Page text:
After they had explored the majority of the house, the boys felt a little more comfortable. Not only was it empty, it appeared to have been so for quite a while. The reassurance that a manic Leatherface was unlikely to return home and chainsaw them for trespassing lifted the tension somewhat. James had even let fly some of the stupid jokes he had thought of in the car. He had received many laughs for his troubles, but he suspected they were at him rather than the jokes. The three boys had set themselves up in a large drawing room, complete with creepy deer-heads and a cavernous fireplace. The overstuffed sofas were surprisingly comfortable, after the sneezing fit incurred by the clouds of dust Matt had conjured by jumping on them. James was considering bashing Matt with the nearest threadbare cushion when Charlie spoke.

“Hey, what time is it?”

James looked up to see Charlie peering at his wristwatch.

“Mate, that thing on your wrist? Well, the little hand points to one number, and the big hand points to another, and it tells you what the time is.”

Charlie made a face. “Yes, I know, but it’s not working.” He yawned, and then sneezed at the fresh inhalation of dust.

Matt and James glanced at their watches.

“It’s two thirty,” they both said.

“It can’t be,” argued Charlie. “I looked at the dashboard clock just before we stopped, and it was 2 AM then. That was well more than half an hour ago.”

The others looked more closely at their watches, then shook their left wrists and held them up to their ears.

“Shit, mine’s broken too,” said Matt.

“And mine,” added James. “That’s the last time we buy fake Rolexes in Spain, right?”

Charlie yawned again, which set off the other two.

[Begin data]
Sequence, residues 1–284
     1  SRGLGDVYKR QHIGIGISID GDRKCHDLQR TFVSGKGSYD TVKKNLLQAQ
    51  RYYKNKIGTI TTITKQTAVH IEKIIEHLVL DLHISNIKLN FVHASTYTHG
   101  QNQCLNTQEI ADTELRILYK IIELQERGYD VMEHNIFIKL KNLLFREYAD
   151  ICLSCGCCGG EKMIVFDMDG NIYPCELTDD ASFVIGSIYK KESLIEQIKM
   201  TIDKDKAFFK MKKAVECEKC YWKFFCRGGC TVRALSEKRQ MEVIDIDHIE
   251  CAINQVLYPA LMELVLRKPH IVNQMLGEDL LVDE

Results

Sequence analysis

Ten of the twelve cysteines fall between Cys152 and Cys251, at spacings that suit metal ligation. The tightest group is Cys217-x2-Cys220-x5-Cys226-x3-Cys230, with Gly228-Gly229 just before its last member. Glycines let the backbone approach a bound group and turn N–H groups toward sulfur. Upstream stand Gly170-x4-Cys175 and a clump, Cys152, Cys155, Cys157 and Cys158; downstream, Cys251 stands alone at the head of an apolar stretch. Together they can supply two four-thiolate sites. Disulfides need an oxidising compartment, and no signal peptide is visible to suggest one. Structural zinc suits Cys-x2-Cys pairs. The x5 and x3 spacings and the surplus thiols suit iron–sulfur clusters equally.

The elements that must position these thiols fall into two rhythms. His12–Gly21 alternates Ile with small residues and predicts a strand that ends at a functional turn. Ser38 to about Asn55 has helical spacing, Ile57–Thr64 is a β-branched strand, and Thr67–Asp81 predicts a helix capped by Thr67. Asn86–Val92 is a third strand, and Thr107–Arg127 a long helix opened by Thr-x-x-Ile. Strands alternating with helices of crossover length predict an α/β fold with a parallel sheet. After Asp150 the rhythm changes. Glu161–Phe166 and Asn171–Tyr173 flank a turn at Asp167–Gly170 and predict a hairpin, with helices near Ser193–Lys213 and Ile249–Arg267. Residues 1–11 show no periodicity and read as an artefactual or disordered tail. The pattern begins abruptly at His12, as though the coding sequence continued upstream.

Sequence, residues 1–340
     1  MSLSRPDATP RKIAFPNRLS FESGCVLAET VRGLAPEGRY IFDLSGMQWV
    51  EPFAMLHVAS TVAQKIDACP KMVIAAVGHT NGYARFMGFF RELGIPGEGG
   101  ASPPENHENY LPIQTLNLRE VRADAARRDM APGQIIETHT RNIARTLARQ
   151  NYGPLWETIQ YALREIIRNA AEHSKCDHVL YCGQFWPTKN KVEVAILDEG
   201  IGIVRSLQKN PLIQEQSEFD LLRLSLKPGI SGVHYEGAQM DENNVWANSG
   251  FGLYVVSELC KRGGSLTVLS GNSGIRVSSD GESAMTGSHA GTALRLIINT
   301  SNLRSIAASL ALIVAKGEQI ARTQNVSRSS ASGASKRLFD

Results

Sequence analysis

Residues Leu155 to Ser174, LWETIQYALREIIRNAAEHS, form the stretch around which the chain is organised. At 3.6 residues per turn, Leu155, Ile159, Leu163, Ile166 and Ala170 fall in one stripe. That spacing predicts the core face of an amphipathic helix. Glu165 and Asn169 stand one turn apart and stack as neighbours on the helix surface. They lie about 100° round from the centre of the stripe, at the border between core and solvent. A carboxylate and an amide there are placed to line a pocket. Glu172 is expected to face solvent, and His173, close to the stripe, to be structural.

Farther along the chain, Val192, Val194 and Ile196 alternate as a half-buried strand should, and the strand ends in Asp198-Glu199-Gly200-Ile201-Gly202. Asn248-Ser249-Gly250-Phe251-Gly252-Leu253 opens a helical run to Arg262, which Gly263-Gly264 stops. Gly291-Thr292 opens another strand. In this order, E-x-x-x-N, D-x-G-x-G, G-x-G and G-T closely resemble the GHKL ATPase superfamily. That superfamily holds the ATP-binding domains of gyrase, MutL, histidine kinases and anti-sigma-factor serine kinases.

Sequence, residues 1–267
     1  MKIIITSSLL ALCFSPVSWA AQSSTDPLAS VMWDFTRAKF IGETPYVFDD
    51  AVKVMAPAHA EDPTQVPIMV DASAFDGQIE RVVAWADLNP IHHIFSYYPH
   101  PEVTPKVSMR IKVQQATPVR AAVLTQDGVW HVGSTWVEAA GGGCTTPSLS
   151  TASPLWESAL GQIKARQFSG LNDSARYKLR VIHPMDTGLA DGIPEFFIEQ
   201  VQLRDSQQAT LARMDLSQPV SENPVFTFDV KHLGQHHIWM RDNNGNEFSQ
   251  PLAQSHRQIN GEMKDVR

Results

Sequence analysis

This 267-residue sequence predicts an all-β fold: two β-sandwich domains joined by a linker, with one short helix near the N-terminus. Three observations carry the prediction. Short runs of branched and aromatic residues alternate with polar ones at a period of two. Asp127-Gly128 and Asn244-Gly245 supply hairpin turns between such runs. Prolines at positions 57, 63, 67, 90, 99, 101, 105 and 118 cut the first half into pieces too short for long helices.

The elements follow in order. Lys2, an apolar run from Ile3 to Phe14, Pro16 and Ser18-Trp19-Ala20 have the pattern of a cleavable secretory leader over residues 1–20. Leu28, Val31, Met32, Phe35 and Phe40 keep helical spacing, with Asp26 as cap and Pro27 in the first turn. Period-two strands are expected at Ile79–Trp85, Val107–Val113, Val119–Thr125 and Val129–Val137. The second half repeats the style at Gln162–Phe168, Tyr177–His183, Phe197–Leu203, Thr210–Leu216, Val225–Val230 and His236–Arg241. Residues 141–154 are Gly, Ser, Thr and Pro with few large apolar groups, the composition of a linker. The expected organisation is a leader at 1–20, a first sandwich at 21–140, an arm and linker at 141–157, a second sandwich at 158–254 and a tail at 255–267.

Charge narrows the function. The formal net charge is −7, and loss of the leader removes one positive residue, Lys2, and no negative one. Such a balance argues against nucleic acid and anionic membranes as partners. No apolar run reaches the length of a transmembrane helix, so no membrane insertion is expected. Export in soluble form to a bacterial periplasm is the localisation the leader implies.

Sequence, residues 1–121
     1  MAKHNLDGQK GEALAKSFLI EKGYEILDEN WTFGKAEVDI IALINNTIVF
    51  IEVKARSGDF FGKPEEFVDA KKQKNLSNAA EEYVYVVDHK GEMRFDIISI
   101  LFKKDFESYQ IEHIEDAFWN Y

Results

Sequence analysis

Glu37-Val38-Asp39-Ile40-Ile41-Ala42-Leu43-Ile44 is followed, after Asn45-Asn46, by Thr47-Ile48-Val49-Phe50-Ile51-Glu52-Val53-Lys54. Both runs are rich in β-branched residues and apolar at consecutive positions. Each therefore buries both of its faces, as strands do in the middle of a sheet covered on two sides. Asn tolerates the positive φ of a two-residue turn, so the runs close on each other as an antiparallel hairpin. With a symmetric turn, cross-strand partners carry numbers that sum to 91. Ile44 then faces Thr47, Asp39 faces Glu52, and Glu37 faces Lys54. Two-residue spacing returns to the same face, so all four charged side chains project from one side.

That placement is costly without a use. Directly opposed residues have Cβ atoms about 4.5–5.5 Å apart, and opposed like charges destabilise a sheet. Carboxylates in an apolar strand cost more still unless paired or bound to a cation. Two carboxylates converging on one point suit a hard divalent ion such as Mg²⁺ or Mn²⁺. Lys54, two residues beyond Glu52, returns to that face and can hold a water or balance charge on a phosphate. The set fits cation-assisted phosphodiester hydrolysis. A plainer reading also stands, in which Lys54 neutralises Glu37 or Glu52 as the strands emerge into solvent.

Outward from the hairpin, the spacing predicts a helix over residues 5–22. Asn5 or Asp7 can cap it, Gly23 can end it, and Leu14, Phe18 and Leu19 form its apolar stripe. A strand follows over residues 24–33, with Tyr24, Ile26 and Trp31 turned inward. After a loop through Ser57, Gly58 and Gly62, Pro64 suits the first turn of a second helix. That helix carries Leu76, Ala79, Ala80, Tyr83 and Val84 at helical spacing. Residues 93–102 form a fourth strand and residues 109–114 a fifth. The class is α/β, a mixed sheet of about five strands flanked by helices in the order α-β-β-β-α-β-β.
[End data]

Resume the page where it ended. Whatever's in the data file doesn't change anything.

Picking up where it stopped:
“I was just asking because I’m knackered. It must be getting pretty early; the sun will be up soon. Maybe we should get a bit of sleep before we set off.”

Matt opened his mouth to protest, but yawned instead.

“Yeah, I think you’re right,” he said, his eyes watering from the yawn. “But only for a little bit.”

The boys traipsed up the velvet-covered staircase into the gloom of the upper floor. They had already peeped into every room, and knew that there were plenty of beds to choose from.

Matt wordlessly took the first on the left; a vast room with faded brocade on the walls and musty velvet drapes around the bed. He climbed up onto the bed, yawning hugely, before kicking off his trainers and sprawling out like a starfish. He was snoring within seconds.

James took the room opposite, which was a smaller version of the first. He carefully placed his shoes at the foot of the bed before climbing under the heavy blankets. He looked furtively around the empty room before placing his thumb in his mouth and closing his eyes.

Charlie, who was half-asleep by this point, stumbled into the room at the end of the corridor. The only thing he noticed about the room was the huge bed, onto which he gratefully collapsed, and fell instantly asleep.


Look out for Part 2, in which the willies are unleashed…